Archive for the ‘calamities’ Category

frontispiece.jpgI really didn’t plan it this way, but it turns out that while complaining about outdoor magazines I’ve also been reading perhaps the great book about a group of men going somewhere and either nearly dying or actually dying. It’s The Worst Journey in the World, by Apsley Cherry-Garrard, who was the youngest officer on Captain Robert Falcon Scott’s disastrous trip to Antarctica from 1910 to 1913.

By “worst journey,” Cherry doesn’t even mean the journey to the pole on which Scott and four others died. That journey was in the summer. The previous winter, Cherry and two others had made a 130-mile round trip journey in total darkness to study emperor penguins incubating their eggs. They did it wearing dogskin mittens and dragging 275 pounds apiece on sleds. Their sleeping bags (reindeer hide) weighed 12 pounds when they were dry, which was never.

They drank hot water cooked over seal blubber before bed so their feet could thaw their sleeping bags enough to get into them. They welcomed the occasional blizzards, because they were warm: minus 25 F instead of minus 70. They made around two miles per day.

Anyway, knowing that you Scribble readers are industrious sorts, you may not have time to digest the entire 600 pages. But if your work week is getting you down, perhaps reading the occasional Cherry-picked passage will help you survive until Thursday. Here’s something that seems appropriate for the illustration.

I wish I could take you on to the great Ice Barrier some calm evening when the sun is just dipping in the middle of the night and show you the autumn tints on Ross Island. A last look round before turning in, a good day’s march behind, enough fine fat pemmican inside you to make you happy, the homely smell of tobacco from the tent, a pleasant sense of soft fur and the deep sleep to come. And all the softest colours God has made are in the snow…. How peaceful and dignified it all is.

Or, there’s this from a night at minus 70:

There was one halt when we just lay on our backs and gazed up into the sky, where, so the others said, there was blazing the most wonderful aurora they had ever seen…. most of the sky was covered with swinging, swaying curtains which met in a great whirl overhead: lemon yellow, green and orange…. I did not see it, being so near-sighted and unable to wear spectacles owing to the cold.

Read along here.

Illustration: Edward Wilson, expedition head scientist and leader of the Winter Journey. Eight months later, he died in Scott’s tent on his way back from the pole.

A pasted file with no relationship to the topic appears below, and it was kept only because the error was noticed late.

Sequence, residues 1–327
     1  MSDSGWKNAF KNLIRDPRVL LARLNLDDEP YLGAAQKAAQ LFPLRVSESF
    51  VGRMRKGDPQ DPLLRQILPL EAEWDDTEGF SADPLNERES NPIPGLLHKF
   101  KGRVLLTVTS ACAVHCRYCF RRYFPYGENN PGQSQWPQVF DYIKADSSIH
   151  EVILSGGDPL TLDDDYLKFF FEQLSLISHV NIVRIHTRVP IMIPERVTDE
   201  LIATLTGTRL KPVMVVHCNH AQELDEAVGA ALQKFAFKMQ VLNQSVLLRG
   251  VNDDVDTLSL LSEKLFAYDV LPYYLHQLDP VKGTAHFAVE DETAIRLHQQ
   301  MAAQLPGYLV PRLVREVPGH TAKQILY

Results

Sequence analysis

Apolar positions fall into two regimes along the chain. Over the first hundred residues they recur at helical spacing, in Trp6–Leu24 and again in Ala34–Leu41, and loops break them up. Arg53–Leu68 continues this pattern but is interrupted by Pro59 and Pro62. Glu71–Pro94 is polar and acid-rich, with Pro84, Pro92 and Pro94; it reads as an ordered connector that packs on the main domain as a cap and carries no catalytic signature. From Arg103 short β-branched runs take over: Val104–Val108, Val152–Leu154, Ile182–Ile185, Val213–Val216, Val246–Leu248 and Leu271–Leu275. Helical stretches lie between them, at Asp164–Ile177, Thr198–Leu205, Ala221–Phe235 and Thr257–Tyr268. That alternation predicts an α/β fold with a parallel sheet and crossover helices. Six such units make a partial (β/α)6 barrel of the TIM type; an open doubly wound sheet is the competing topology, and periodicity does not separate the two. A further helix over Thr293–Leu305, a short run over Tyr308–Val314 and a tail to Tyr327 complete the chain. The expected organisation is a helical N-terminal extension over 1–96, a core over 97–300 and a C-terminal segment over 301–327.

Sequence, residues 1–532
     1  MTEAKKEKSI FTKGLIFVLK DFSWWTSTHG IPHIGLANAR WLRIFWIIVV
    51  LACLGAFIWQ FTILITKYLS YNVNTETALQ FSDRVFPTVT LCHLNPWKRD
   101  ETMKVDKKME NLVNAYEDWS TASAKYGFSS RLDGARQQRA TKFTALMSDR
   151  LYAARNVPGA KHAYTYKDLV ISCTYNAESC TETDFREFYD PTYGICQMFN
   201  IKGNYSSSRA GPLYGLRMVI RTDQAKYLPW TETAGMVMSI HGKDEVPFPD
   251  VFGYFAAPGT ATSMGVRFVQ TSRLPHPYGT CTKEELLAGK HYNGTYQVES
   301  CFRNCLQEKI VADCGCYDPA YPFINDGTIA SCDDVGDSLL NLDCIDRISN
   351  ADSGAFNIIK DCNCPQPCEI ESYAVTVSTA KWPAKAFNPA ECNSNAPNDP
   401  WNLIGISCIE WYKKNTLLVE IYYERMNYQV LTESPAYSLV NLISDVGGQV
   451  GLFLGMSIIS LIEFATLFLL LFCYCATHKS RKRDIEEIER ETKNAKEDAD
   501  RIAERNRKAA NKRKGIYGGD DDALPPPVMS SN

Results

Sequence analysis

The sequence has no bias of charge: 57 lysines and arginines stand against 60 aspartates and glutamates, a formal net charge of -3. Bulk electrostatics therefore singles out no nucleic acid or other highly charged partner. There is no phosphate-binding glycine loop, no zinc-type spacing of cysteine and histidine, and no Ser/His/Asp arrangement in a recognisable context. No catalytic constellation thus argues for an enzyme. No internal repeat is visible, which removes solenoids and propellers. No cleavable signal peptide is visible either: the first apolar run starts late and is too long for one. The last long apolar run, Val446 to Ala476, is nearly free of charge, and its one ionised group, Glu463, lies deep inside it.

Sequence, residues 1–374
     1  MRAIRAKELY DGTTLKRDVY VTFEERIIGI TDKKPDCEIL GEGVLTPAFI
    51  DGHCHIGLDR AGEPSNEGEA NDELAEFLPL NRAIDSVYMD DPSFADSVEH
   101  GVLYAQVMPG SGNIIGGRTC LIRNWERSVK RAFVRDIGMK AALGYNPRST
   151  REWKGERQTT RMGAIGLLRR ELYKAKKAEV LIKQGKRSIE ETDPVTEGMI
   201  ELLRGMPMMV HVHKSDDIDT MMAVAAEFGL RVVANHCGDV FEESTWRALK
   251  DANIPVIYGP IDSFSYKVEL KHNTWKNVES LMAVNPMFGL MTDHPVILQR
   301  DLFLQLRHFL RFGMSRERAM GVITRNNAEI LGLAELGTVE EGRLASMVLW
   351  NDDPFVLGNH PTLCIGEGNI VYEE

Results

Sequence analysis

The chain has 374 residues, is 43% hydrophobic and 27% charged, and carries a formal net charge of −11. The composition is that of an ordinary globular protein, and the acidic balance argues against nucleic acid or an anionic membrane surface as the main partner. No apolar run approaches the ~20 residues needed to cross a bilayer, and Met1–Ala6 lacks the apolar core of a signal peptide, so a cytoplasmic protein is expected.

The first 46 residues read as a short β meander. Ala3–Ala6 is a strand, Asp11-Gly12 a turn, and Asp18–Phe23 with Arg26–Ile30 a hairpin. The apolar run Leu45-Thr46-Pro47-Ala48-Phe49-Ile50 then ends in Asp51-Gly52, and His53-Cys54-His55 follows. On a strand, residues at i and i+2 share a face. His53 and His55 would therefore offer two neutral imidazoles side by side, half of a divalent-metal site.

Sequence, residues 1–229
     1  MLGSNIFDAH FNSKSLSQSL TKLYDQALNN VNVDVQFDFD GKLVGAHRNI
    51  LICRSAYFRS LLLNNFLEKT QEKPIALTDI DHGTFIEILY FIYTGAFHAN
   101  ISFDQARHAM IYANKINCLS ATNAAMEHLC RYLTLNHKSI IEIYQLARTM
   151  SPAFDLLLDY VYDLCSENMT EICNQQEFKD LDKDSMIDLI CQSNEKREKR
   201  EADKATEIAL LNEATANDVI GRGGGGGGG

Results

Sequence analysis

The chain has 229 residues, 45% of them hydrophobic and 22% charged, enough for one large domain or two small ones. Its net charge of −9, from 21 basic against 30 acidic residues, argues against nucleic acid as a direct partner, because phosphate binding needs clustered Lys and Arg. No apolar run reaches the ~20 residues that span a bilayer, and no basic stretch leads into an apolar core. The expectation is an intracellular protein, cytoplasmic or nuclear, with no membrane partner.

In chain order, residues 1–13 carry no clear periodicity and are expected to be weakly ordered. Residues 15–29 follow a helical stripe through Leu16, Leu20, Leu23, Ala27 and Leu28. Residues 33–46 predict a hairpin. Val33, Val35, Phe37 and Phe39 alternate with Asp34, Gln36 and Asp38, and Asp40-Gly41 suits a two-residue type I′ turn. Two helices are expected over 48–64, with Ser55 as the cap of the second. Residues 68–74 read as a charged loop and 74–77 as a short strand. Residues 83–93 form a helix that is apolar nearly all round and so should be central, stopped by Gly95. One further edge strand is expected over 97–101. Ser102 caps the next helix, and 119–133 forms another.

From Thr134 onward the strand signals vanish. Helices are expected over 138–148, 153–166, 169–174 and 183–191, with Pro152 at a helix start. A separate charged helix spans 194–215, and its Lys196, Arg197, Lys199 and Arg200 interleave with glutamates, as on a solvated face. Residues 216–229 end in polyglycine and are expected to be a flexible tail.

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griffon.jpgMore than 100 griffon vultures glided into Belgium this week, some 600 miles north of their breeding grounds in Spain. Taking up residence in an old field, the pack spent the next few days glowering at assorted birders and gawkers. A few got fed up and took off for Holland. On Tuesday, some Belgian environmentalists stopped by with some pig carcasses so the griffons could fuel up for their return flight. And just like that, they left.

The interesting part about the story – above and beyond the simple thrill it must have been to watch a band of feathered Hell’s Angels drop out of the sky unannounced – is the reason being tossed around for the birds’ strange behavior. People think the vultures are starving, getting desperate, and embarking on long flights looking for food.

It’s quite possible. Ever since mad cow disease scared people in 2002, the E.U. has forbidden farmers from leaving dead cattle out on their land to rot. There seems to be little evidence that’s done anything to reduce mad cow disease, but it has made for some very hungry vultures. In addition to kick-starting this vulturine road trip (think Dennis Hopper in Easy Rider), about 100 griffons near Burgos, northern Spain, assembled themselves into a posse last month and took down a perfectly healthy cow and her calf. Yikes.

It sure sounds like a good explanation – perhaps that’s why it crops up in every one of the handful of news reports on the story. And I’m all for vulture survival. But let’s at least wave the scientific method in its general direction. Apparently the E.U. says they’ve given Spanish farmers special dispensation to leave carcasses out, but few farmers actually do. And anyway, why would vultures fly northward, farther into the E.U., to find a meal?

I know, I know, vultures can’t be expected to keep up with politics, but north puts them out of the limits of their historical range, and there probably is some reason why they weren’t in northern Europe already. For an animal that has some degree of latitudinal awareness when it chooses a place to live, it seems a strange time to begin ignoring it.